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Bailie Nicol Jarvie 8 Year Old

Great Sweet and Sharp Citrus

0 689

@VictorReview by @Victor

29th Dec 2012

0

  • Nose
    21
  • Taste
    23
  • Finish
    23
  • Balance
    22
  • Overall
    89

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Distribution of ratings for this: brand user

The Bailie Nicol Jarvie is a character in Rob Roy, a novel by Sir Walter Scott. The whisky is blended by Glenmorangie, and claimed to be believed to have the highest percentage of malt contained in a blended Scotch. Estimates are at 60% malt. I had read and heard about BNJ for some time without being able to get a taste here in the US, since it is not distributed here. It is clearly very well loved in the UK, "for a blend", and it is by all accounts heavy on the citrus flavours. I had been somewhat 'heavy-citrus-averse', so I thought it good to try a very citrus-forward whisky which was well-liked and popular. A bottle was finally hand carried to me from the UK. The reviewed bottle was opened November 22, 2012, US Thanksgiving Day, and now only 20% remains. The whisky is 8 years old

Nose: citrus, vanilla, apples, malt, salt,and a little peat. Well balanced between sweet and dry

Palate: a boatload of sweet and tart barley lemon-citrus, salt, nice malt, sweet peat, and some grape-wine flavours mostly in the background. Sparkling, sharp, refreshing, bracing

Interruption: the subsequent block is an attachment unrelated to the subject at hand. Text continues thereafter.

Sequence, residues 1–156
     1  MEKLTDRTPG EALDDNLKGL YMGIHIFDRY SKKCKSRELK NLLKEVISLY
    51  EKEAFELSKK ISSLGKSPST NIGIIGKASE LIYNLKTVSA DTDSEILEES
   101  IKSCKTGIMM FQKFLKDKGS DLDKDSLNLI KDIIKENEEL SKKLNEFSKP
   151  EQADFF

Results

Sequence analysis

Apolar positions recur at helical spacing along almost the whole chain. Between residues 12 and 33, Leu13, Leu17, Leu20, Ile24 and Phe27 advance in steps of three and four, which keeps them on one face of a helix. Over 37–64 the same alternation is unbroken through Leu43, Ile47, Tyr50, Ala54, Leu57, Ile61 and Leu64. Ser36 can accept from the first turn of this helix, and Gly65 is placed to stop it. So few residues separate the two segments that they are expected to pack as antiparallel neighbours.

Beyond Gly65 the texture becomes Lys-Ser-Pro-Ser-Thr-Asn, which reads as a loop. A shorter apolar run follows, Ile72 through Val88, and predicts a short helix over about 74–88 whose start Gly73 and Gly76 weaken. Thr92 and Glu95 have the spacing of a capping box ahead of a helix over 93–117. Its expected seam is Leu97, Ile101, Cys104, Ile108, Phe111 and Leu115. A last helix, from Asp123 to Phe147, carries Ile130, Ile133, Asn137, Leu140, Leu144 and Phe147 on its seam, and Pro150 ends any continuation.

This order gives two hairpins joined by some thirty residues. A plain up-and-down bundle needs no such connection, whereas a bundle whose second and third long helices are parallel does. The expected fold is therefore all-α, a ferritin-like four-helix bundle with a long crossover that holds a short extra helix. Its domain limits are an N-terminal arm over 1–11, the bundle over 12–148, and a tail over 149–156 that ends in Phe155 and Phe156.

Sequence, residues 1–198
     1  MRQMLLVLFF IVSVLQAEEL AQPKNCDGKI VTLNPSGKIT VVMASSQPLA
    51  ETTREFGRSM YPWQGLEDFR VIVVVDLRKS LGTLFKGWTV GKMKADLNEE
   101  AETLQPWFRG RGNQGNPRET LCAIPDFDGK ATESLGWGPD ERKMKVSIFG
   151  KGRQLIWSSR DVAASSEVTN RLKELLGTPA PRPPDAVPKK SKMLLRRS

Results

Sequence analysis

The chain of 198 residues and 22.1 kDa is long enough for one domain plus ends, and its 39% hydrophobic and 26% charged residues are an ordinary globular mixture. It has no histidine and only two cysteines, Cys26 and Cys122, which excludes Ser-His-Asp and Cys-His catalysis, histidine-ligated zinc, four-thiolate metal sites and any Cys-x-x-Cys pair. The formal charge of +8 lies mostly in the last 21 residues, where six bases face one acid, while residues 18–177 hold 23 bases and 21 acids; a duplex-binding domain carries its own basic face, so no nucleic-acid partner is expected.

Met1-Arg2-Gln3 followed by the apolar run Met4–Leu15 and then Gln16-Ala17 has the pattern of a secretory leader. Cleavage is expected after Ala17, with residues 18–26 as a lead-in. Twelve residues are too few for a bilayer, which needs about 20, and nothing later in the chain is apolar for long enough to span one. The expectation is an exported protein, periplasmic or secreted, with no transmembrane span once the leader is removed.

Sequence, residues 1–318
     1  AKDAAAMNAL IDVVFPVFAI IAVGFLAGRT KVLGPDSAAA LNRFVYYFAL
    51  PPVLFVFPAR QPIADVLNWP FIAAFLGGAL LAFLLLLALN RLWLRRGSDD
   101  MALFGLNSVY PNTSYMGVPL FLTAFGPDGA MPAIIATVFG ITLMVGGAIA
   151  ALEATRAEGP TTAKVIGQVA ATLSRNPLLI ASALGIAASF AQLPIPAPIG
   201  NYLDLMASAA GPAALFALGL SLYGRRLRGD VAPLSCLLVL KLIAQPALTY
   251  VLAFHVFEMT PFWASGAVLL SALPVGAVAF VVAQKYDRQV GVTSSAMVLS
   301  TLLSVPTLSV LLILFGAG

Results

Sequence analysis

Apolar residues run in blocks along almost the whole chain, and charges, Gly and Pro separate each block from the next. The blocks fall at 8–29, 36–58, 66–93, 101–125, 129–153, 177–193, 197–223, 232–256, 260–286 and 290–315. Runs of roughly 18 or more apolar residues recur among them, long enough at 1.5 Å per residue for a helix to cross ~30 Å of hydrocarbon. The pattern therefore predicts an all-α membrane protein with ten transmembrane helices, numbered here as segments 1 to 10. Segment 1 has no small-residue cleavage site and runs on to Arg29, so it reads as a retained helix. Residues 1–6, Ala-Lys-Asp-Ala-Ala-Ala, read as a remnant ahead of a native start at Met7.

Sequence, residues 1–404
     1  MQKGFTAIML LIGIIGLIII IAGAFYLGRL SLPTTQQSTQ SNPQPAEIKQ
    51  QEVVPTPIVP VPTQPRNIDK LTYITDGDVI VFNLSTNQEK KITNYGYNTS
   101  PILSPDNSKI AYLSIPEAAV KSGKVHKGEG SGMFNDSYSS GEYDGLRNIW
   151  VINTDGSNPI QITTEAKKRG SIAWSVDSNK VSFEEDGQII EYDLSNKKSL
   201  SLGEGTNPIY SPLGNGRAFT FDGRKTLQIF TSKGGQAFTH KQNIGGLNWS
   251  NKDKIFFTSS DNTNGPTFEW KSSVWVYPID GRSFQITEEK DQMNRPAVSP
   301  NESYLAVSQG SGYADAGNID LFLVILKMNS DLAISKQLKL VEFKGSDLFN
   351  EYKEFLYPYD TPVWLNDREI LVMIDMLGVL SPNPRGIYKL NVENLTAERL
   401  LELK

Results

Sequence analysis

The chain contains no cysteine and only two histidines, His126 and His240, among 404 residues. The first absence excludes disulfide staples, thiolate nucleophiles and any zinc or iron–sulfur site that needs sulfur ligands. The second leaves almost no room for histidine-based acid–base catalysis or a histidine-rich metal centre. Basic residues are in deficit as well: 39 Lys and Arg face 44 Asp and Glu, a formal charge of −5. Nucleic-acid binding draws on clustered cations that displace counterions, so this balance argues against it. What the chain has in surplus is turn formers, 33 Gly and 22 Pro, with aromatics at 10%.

Finish: this retains all of the intense citrus, while finishing on sweet peat combined with brine and a hint of wine

Balance: this is a very enjoyable blend. At our Thanksgiving dinner we had about 6 whisky drinkers try both the Bailie Nicole Jarvie and the Talisker 57 Degrees North. About half preferred each choice to the other. This is citrus-forward whisky that is extremely easy-drinking and easy to enjoy. The flavours are very bright and engaging. I am a big fan, and look forward to getting more. A bottle of BNJ goes fast, though, because it is so easy to drink.

Among blends, this would rate for me a 93. Among all whiskies an 89.

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6 comments

numen commented

@Victor, great review. I also really enjoyed this and the Talisker. I'm not sure which I liked more, but I think that it might almost be too easy to guzzle the BNJ. It reminded me somewhat of a thicker, richer, and smoother shandy.

6 years ago 0

@BlueNote
BlueNote commented

Nicely done as usual @Victor. I wish we could get it here in Vancouver.

6 years ago 0

@Victor
Victor commented

@BlueNote, the BNJ is VERY drinkable stuff. Do try some when you get the opportunity.

6 years ago 0

@fastpoose
fastpoose commented

Very lovely stuff, easy to get here in Australia, and only $33 aus (yes pretty cheap for here...spirit prices here are very high). Doesn't last long in the cabinet, one of my 'go to' inexpensive daily drams.

6 years ago 0

@NAV26
NAV26 commented

@Victor, my friend brought a bottle of BNJ back from the UK today. I just set down and had a glass, your review is spot on. I feel like there is some Talisker and Clynelish in this that gives it a bit of the sweet peat, salt, brine and waxiness. It would be interesting to know more about the composition.

6 years ago 0

@Victor
Victor commented

@NAV26, I am glad that you are enjoying your Bailie Nicol Jarvie. It would be interesting to know the composition of BNJ. I miss my one bottle of it very much, and look forward to having more bottles of it in the future. It is SO easily drinkable!

6 years ago 0

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